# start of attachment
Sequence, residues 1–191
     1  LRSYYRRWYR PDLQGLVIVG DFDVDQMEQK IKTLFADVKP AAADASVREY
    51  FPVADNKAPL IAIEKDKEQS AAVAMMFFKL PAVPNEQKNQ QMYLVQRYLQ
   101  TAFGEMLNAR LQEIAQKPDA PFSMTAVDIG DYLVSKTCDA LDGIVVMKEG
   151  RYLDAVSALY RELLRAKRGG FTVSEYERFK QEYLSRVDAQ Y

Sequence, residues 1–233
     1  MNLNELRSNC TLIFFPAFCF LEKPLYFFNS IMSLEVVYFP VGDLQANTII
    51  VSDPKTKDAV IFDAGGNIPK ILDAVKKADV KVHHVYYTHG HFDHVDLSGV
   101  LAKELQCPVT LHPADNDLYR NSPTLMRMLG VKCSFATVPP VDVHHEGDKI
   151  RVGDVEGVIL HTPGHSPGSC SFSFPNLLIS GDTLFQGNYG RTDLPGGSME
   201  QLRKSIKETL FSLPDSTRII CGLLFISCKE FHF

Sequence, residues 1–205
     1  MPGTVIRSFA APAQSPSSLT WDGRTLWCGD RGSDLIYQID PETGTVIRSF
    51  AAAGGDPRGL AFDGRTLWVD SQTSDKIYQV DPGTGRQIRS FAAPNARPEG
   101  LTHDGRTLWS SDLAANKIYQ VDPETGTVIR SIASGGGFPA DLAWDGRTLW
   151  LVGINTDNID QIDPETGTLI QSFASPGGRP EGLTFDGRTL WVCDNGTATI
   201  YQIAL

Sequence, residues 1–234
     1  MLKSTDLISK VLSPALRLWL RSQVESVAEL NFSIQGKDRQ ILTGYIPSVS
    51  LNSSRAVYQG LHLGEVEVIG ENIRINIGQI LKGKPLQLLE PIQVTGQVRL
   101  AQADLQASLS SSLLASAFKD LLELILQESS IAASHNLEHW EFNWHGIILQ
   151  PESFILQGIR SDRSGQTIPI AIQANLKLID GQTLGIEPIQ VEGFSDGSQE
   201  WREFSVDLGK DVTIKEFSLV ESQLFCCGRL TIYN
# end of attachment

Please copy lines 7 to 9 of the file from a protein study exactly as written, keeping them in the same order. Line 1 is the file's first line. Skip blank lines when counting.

     1  MNLNELRSNC TLIFFPAFCF LEKPLYFFNS IMSLEVVYFP VGDLQANTII
    51  VSDPKTKDAV IFDAGGNIPK ILDAVKKADV KVHHVYYTHG HFDHVDLSGV
   101  LAKELQCPVT LHPADNDLYR NSPTLMRMLG VKCSFATVPP VDVHHEGDKI